When I first conceived this blog I needed a starting point. So I came up with the idea of 10 things to celebrate about Swindon. This post is No 2: Arts and Culture

I have often heard it said that there is no culture in Swindon. Of the arts sort that is rather than the bacteria type. I daresay there’s a lot of the latter around but I know for certain that there’s plenty of the former.

It might be well hidden, one might have to root it out – but it is there nevertheless. For starters Swindon hosted, for 25 years, a literature festival – thanks to the efforts of Matt Holland. That literature festival has now moved into a spring arts festival.

swindon town hall - No 2: Arts and Culture in Swindon
Town Hall Swindon – the home of Swindon Dance. A fab example of No 2: Arts and Culture in Swindon

Poetry in Swindon

front of a vintage bus.
The vintage bus from Swindon poetry festival 2012


Back in 2012 I went on a journey on a Vintage Poetry bus – an actual embodiment of a magical mystery tour. I’ve never done drugs, but I wouldn’t be surprised to learn that an acid trip is similar to my experience on that bus. It was, quite simply, the most stupendously, superbly surreal experience of my entire life!

Collecting its passengers at the bus station, the tour had two guides: Barry Dicks (aka Michael Scott) and Mabel Watson (aka Hilda Sheehan) who between them provided hysterical commentary, banter and badinage interspersed with poetry readings.

The journey took us around corners of Swindon that we might rarely see and highlighted some surprises – the view of the Marlborough downs from Penhill for one of many.

We stopped for refreshments and a comfort break at Lower Shaw Farm,  http://www.lowershawfarm.co.uk, in West Swindon before returning to the bus station where, somewhat dazed (well I was anyway!), our journey ended. A truly fabulous and fun experience.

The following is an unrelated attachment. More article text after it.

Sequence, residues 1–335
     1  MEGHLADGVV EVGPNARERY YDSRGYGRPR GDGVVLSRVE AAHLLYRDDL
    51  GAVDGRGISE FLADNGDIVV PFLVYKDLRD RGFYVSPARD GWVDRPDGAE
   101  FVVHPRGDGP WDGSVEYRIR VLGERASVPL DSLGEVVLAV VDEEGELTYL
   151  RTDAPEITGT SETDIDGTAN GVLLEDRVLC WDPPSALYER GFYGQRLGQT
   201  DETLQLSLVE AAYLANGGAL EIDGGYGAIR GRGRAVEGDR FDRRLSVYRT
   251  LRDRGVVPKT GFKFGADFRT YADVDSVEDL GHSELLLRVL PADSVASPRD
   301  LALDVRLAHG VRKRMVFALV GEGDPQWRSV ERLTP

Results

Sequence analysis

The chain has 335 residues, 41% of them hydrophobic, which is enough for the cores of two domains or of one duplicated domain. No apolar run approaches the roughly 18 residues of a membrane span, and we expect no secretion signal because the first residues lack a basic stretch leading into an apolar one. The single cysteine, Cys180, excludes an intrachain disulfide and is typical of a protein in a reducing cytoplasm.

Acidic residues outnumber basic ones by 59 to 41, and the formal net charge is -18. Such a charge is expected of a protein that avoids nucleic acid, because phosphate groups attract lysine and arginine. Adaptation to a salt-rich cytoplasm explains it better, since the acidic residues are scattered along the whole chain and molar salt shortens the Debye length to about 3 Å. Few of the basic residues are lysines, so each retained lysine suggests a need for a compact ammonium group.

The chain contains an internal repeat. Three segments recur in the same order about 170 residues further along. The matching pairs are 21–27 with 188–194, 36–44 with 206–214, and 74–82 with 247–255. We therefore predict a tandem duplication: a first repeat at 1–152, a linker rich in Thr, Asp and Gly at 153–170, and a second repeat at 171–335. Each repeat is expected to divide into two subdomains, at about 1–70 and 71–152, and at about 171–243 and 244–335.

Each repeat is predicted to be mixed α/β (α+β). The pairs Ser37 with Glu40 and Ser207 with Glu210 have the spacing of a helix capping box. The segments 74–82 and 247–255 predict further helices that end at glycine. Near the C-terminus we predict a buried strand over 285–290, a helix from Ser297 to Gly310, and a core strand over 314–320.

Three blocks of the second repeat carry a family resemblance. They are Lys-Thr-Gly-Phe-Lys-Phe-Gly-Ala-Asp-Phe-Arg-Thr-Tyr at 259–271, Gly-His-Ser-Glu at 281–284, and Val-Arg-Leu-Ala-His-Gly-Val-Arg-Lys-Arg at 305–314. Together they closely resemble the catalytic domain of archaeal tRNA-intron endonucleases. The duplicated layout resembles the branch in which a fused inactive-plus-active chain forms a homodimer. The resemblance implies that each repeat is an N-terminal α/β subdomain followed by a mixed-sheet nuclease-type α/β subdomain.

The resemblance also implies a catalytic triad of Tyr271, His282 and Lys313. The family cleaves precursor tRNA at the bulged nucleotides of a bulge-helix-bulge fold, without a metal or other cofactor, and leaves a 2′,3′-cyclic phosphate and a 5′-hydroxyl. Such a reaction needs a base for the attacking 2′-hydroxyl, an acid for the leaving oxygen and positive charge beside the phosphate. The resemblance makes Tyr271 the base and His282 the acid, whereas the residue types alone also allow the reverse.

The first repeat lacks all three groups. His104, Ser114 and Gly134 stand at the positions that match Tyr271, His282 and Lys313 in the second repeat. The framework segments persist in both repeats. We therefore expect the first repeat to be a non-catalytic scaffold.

As far as I’m aware Poetry Swindon is alive and well. But possibly in some form other than this website.

Covered arts and culture in my published writings

As with so many things, Swindon’s arts and culture got as much coverage as I could squeeze into Secret Swindon. In that book I wrote about the museum and art gallery in Old Town, the Richard Jefferies museum at Coate, public art – including the West Swindon sculpture walk, and many of Swindon’s artists. Not to mention the Wyvern Theatre and the Arts Centre and many more.

Not forgetting of course Amateur dramatics. There are numerous dramatic and musical societies in Swindon:  Swindon Light Opera Society (SALOS), the Swindon Gilbert & Sullivan Society, The Phoenix Players, Old Town Theatre Company (OTTC), Highworth Amateur Dramatic Society (HADS) The Western Players – another long standing organization. According to their website: “The Western Players originated as “The Great Western Railway(Swindon) Mechanics Institute Amateur Theatrical Society” in the early 1900’s (the first production was of “Checkmate” by A Halliday on April 25th 1904) and celebrated its 100 year anniversary in 2004. It has performed over 240 plays at the last count (although research is still ongoing!)”  

And these are the only the ones I know about.